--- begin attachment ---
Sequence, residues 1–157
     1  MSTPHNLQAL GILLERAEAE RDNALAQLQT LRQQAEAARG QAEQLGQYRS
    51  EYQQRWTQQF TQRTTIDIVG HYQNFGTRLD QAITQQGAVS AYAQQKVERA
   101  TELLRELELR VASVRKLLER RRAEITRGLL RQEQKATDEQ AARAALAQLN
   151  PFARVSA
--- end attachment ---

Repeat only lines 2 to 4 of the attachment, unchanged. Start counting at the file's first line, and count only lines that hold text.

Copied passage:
     1  MSTPHNLQAL GILLERAEAE RDNALAQLQT LRQQAEAARG QAEQLGQYRS
    51  EYQQRWTQQF TQRTTIDIVG HYQNFGTRLD QAITQQGAVS AYAQQKVERA
   101  TELLRELELR VASVRKLLER RRAEITRGLL RQEQKATDEQ AARAALAQLN